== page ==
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Tuesday, June 14, 2005

On Judicial Intervention; or, What Canada Could Learn from Arkansas

First up: Chaoulli v. Quebec.

A Canadian court case of health care would seem unlikely to attract much attention in the U.S., and of course it hasn't. But that's unfortunate, because this very controversial decision by the Supreme Court of Canada--striking down a Quebec law which prohibited the purchasing of private insurance for publicly funded medical procedures--has important public policy and legal/political theory implications, ones that are both suggestive of and can be productively informed by similar debates in the U.S. Insofar as public policy goes, the clearest implication is that the traditional route which different Canadian provinces have provided health care to their citizens--namely, by subscribing to a strict single-payer system, where all medical costs are convered through a universal and mandatory government insurance plan, and wherein private alternatives are circumscribed so to prevent the usual collective action problems--has just received a serious constitutional reproach. Exactly how serious a reproach is not entirely clear, and may not be for a while; only three justices out of six went so far as to claim that the delays in receiving medical attention experienced by the plaintiffs in the Chaoulli case amounted to a violation of the "security of the person" mandated by section 7 of the Canadian Charter of Rights and Freedoms. Still, for the nation's highest court to overturn efforts to block the development of an extensive a two-tiered health care arrangement in Canada on the basis on the individual's right to receive a certain level of care, however defined, almost certainly means the pressure to accept such a private-public mix of health care provision will increase. To some, this is catastrophic; to others, it's simply common sense. This is the opinion of Scott Lemieux as well--he agrees that the Quebec law in question was a bad one. But he still thinks the Chaoulli decision sets a terrible precedent, because of what it suggests for future judicial involvement in the health care debate in Canada. And this brings us to the legal and theoretical implications, which I agree are both significant and worrisome.

I have an old and close friend, James Meloche, who works on health policy issues in Ontario, and while he has far more policy concerns about the Chaoulli decision than Scott does, he agrees that the biggest problems are on the constitutional end. This is how he put it in an e-mail to me:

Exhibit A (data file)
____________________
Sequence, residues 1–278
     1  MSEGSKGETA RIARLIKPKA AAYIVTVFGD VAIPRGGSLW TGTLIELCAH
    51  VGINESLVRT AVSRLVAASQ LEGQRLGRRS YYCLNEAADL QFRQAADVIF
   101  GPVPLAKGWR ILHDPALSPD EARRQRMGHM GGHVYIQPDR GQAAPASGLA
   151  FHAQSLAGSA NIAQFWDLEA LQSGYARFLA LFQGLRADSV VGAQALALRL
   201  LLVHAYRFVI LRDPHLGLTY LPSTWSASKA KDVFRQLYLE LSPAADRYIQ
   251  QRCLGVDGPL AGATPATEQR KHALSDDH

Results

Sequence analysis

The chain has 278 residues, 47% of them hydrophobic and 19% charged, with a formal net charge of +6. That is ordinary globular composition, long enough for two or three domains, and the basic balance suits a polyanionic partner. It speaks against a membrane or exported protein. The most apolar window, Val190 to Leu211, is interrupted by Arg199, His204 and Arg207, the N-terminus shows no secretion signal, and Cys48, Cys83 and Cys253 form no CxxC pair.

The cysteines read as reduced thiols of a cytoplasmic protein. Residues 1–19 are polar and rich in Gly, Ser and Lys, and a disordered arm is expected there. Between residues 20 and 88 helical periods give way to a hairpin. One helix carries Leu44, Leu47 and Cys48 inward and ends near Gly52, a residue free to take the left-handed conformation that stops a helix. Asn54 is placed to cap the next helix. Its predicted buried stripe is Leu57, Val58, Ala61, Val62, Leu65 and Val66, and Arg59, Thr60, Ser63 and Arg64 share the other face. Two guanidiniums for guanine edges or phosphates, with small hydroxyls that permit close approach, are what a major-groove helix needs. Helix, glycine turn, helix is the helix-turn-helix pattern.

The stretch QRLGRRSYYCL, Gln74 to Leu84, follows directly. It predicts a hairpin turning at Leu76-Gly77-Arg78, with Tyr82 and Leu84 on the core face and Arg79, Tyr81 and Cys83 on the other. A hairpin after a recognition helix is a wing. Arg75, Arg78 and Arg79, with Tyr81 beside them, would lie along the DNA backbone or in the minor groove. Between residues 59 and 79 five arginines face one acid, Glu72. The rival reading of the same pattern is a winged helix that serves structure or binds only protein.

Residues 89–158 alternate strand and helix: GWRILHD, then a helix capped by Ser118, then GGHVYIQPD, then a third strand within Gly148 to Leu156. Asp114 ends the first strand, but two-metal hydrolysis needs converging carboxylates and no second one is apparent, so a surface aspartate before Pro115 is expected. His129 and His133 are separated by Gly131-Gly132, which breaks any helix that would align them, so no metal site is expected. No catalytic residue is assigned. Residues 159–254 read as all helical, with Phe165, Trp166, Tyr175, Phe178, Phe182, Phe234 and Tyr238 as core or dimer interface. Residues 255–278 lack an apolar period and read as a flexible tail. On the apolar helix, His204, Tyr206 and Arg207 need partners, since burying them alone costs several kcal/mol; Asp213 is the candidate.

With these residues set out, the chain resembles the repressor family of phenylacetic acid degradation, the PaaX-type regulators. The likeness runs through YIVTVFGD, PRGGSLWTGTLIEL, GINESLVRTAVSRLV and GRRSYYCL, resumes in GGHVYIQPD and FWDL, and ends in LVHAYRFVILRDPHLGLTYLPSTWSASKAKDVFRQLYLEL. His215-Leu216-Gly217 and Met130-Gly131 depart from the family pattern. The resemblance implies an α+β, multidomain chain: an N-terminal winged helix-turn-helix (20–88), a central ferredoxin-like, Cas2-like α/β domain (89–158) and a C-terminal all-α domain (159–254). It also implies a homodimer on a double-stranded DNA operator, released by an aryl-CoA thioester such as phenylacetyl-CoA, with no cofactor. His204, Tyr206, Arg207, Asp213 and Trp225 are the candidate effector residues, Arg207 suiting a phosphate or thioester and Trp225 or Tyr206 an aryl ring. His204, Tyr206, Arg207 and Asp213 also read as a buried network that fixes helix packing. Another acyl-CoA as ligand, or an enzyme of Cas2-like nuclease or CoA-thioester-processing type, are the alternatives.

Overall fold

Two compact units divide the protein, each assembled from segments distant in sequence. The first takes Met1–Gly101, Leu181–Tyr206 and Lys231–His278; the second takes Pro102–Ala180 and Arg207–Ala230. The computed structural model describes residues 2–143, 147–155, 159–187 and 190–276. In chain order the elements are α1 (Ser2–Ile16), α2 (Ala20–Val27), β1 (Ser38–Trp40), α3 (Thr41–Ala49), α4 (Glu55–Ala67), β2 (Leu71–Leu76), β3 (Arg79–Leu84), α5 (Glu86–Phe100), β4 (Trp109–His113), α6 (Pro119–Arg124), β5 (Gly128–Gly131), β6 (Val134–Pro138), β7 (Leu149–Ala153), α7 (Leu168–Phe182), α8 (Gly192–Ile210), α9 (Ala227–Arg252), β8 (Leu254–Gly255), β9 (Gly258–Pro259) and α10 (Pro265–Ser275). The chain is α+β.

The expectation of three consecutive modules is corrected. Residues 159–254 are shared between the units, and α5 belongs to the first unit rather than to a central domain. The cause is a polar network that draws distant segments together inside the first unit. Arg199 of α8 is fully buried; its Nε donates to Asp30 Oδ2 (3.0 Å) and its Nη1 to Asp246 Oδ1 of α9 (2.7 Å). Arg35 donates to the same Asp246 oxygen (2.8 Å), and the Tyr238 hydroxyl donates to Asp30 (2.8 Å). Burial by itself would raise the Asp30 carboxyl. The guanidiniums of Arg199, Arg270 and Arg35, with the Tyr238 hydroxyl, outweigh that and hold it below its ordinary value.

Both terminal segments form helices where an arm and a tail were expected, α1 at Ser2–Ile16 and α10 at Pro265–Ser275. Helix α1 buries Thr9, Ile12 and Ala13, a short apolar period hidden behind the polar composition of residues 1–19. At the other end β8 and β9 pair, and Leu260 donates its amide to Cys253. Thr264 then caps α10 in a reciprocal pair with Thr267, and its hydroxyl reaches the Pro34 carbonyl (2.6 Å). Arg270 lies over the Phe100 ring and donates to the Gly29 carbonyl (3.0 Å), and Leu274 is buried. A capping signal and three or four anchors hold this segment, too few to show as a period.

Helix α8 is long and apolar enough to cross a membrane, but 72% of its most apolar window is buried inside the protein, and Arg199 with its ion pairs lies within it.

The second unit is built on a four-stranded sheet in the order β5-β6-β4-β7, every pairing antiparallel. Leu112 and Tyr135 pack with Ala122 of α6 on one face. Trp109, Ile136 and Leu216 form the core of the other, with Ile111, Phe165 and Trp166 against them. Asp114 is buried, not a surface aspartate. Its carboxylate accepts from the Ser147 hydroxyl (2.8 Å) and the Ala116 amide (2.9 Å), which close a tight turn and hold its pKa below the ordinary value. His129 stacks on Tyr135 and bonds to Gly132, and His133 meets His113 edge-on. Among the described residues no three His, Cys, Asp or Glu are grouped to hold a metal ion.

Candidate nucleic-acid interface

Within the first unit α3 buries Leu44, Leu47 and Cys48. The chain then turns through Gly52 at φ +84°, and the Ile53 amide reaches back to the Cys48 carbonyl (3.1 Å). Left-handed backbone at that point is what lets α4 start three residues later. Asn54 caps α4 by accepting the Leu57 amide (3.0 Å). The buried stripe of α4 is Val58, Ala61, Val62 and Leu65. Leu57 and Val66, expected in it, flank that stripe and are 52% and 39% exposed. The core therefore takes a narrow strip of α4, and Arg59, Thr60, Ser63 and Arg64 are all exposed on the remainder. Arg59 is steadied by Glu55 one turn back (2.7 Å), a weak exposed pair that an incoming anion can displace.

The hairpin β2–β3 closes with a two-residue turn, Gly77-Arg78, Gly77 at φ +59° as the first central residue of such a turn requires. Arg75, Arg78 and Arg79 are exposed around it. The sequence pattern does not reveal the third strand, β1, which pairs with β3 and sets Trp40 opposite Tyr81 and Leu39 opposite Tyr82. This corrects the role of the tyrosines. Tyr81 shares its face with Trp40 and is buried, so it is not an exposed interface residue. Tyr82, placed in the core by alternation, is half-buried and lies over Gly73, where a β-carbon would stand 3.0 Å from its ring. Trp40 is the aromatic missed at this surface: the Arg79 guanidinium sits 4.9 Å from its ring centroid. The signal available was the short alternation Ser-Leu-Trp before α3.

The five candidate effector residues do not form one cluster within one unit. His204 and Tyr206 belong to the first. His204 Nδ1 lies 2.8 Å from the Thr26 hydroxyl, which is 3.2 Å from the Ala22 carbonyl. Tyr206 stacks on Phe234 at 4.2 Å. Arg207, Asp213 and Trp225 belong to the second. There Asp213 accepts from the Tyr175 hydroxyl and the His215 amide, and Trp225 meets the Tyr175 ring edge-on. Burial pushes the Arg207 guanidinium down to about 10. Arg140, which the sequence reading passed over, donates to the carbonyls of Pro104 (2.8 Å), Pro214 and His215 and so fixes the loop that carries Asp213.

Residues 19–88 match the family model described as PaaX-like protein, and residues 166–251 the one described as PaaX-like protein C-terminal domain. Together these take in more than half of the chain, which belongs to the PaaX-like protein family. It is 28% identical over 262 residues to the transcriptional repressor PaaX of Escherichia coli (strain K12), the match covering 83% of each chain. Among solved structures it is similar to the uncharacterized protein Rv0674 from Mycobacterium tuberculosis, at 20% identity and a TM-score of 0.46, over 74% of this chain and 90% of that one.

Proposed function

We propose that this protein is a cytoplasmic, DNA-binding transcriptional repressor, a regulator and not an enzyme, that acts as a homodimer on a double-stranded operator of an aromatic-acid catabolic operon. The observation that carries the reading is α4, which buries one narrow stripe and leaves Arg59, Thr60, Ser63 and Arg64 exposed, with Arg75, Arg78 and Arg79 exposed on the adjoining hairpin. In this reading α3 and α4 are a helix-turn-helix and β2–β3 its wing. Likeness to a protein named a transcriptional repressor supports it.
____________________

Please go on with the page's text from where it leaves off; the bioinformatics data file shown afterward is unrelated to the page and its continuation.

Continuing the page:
I haven't decided completely on my view of expanding private care in our system--there are positives and huge risks at the same time. But I do have a negative bias to the nature of this ruling, however. While the court decision was dressed up in the language of any legal decision, make no mistake--it was a political and policy decision. At its center was [the question of whether] the entrance of a vibrant private service-delivery system would undermine the viability of public Medicare, and result in other issues of equity. Government lawyers argued in the positive, but the court (4-3) disagreed. Examining the evidence, the court ruled there to be no link between "prohibiting private insurance and maintaining quality public health care." [Some of them] went on to claim that the public system is failing to deliver reasonable medical services in a timely way, thus affecting the Charter guarantee of the "security of the person." Here is where they turn political/policy questions into questions about "rights"....This decision was not on whether public health care was unconstitutional, rather only the perceived "underperformance" of that system to deliver timely care. It attacks the public system from its underbelly to result in a slow death. But what of other policy frameworks that are underpeforming--will courts make decision regarding welfare, law enforcement, etc., on a performance basis?...In this decision, the Canadian political spectrum has been turned upside down. Conservatives who decried both bans on private health care and judicial activism, have found that the latter has delivered the former. Persons on the left who hold Medicare as sacrosanct with individual rights and were never afraid to use the courts to push the boundaries of social policy, have found themselves the victims of their own activist success. And on the party scene, we now have a prime minister considering the use of the "notwithstanding clause" and ignore the court's decision, but having to come to grips that he successfully pinned the leader of the opposition Conservative party as enemy of the Charter because of his willingness to use the notwithstanding to overrule the courts decision on gay marriage. For the Prime Minister, gay marriage was about "rights" and the Charter, stupid. Now for the Conservatives, private health care too is about "rights" and the Charter. What a tangled web we weave.